- Research has theoretically revealed that Quantum Dots can communicate with each other
- Communication between Quantum Dots can be influenced by light
- The real-time simulation of electron movement in quantum dots is now possible thanks to the findings
Quantum dots are a new type of material with a wide range of applications. The dots are designed spherical crystals with a diameter of roughly 5 nanometers. In comparison, the average biological cell has a diameter of roughly 1,000 nanometers. Quantum dots, according to researchers, will be particularly important in the development of nanoscale technologies since they are adaptable and homogeneous, which might eliminate material variances and faults.
QLEDs already available in the latest versions of TV flat screens, ensuring very bright and high-resolution color reproduction. Quantum dots, on the other hand, are employed not only as “dyes,” but also in solar cells and semiconductor devices, all the way up to the computational building blocks of a quantum computer, the qubits.
Light Waves influences Quantum Dots
In theoretical work, a team led by Dr. Annika Bande from Helmholtz-Zentrum Berlin (HZB) has broadened the understanding of the interaction between many quantum dots with an atomistic view. Although quantum dots are very tiny nanocrystals, they are made up of thousands of atoms, each of which has multiple electrons. The electronic structure of such a semiconductor crystal could not be computed even with supercomputers, says the theoretical chemist, who recently finished her habilitation at Freie Universität.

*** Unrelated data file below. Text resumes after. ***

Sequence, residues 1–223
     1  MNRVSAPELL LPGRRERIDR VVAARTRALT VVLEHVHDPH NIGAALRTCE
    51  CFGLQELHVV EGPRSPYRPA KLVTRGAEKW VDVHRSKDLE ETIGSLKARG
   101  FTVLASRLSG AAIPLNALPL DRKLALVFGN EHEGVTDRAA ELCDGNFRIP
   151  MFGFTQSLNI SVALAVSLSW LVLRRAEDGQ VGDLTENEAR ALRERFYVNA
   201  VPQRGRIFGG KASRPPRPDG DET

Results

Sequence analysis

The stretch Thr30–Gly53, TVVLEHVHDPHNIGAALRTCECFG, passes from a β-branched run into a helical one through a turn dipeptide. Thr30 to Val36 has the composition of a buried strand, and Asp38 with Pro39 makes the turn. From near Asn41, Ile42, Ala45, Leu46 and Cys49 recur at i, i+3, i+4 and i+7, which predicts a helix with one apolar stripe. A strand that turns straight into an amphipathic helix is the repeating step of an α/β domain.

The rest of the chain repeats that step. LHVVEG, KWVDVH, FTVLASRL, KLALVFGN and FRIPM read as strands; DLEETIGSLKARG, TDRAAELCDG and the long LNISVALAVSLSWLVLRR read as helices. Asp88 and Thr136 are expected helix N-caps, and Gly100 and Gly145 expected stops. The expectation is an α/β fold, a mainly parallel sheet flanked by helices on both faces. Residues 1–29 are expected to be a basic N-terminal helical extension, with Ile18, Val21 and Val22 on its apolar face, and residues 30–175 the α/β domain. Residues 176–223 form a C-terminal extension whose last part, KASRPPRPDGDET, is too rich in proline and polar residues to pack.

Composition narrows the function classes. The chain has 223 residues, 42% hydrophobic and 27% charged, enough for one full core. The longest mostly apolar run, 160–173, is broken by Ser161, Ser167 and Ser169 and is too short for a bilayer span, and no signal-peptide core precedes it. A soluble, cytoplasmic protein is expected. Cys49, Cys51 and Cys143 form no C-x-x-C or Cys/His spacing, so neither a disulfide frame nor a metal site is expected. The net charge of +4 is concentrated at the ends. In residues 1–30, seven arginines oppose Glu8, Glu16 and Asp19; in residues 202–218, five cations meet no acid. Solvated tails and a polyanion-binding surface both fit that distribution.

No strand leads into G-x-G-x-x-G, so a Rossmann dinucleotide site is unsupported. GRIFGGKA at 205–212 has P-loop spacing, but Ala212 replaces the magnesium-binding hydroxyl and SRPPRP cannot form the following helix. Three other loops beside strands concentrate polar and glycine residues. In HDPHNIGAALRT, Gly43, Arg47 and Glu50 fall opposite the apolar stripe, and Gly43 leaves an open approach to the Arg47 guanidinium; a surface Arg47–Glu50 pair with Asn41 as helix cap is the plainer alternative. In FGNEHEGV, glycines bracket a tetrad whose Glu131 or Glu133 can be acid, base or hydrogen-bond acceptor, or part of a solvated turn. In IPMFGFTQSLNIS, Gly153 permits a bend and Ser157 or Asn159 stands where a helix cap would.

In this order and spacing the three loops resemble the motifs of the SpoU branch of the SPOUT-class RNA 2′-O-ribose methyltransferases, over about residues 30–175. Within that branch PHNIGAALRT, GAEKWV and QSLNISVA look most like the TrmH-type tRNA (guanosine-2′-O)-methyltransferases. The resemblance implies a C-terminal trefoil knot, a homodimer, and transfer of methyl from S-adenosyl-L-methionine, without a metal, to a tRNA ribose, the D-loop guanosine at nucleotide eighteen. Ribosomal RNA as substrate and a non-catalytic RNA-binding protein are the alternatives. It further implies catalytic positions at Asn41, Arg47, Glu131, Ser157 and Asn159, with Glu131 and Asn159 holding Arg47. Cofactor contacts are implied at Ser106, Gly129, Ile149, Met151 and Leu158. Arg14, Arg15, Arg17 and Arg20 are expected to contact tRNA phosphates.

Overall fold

The findings imply that light waves might be used to convey data, providing the framework for an optical quantum computer. The electrical charge now utilized to convey information in traditional computers would be replaced by light energy in this device.
The results are also valuable for experimental research and development in a variety of sectors, such as the creation of qubits or the support of photocatalysis, which uses sunlight to make green hydrogen gas.
Medical imaging might also be one of the new quantum dot technology‘s uses. Quantum dots might be injected into the patient, and a device holding more quantum dots may be used to visualize the dots’ location underneath the skin.
Current biology research has had a lot of success with this form of imaging in mice models.
The dots have fewer adverse effects than X-ray contrast chemicals and might eventually replace typical contrast media.